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Subway Adventure subway scene
I board. I find a seat by the window, I sit .

Illustrator Savva Gretzky, 13 for "Subway Adventure" by Elam Fifer-Whiting, 13.
Published July/August 2014.

A note from William Rubel

The first two lines of the Stone Soup story, “Subway Adventure,” are, “It is super hot, humid. Sweat is running down my back like a brook.” I am writing this week’s Newsletter from New York and it could not be more different than the hot humid day in which Elam Fifer set his story. It is very cold. I am from California. I have never been any place as cold as New York is right now.

I am in New York with my Stone Soup colleague, Jane Levi. A highlight of this trip, for sure, something we will never forget, was our wonderful dinner on Tuesday evening with prolific Stone Soup contributor Sabrina Guo and her parents, Spencer and Eva. We met in a Chinese restaurant. A great meal is always a combination of the food and the company. This was a memorable meal. We talked about many things—writing, music, school, and, of course, Stone Soup. Specifically, our refugee project. As you know, Sabrina has taken on the project of bringing the creative work of refugee kids, especially the Another Kind of Girl Collective, to our website and to the pages of Stone Soup. We exchanged ideas on how to move forward with this initiative. I’ll give you a fuller report on what we discussed in a couple weeks.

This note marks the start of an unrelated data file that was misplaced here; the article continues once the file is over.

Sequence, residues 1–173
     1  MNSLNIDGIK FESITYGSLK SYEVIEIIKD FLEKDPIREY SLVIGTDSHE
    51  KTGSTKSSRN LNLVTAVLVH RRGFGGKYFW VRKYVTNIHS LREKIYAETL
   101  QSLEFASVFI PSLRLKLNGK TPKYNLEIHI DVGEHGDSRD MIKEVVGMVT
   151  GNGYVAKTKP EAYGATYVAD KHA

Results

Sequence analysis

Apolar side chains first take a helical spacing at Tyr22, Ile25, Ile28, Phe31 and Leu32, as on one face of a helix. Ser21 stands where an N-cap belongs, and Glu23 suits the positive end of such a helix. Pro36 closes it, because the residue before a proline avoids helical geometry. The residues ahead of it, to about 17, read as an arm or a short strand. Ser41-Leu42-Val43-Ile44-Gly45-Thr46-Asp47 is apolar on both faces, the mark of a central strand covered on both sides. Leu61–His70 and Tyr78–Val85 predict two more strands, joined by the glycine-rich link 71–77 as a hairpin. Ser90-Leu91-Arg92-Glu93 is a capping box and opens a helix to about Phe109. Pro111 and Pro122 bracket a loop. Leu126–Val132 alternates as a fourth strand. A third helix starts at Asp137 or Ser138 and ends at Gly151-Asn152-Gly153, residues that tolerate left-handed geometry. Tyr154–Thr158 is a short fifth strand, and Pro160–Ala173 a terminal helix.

I asked Sabrina whether she kept a journal and she said that she did. She doesn’t write in it every day. But she does write every week, usually a couple of times in the week. I can’t emphasize how important journal writing can be to support your larger writing projects. Writing takes practice. It takes practice to get control of the words and also it takes practice to learn to say what you mean and mean what you say. There is something about writing in journals that encourages direct, honest writing. Journal writing is private writing. You are the only one who reads it, so the pressure one feels producing writing that will be read by one's teachers, parents, friends, or, if you write for Stone Soup, thousands of strangers, is not there. I agree with Sabrina that it is probably best to write your journal with pen or pencil rather than type it. You don’t need a fancy expensive writing book for your journal—any notebook with lined paper (or plain paper if you prefer) works equally well. If you don’t already keep a journal, then when should you start? I’d say, this weekend!

On Thursday, Jane and I went to an exhibit about the life, art and writing of J. R. R. Tolkein, the author of The Hobbit and Lord of the Rings. The exhibit is at the Morgan Library, having come from the Bodleian Library in Oxford, England. It will go to the Bibliothèque Nationale de France in Paris in the Fall.

When Tolkein was 12 he kept a small watercolor journal—a painting journal. This is an example of a painting Tolkein made when he was the age of Stone Soup artists. Many artists keep journals in the form of drawings and small paintings. If you gravitate more towards the graphic arts then start a graphic journal. If your art might be photography then I advise you to choose the images that you want to be part of your journal and that you print them out, glue them to paper, and make a proper journal/book with them.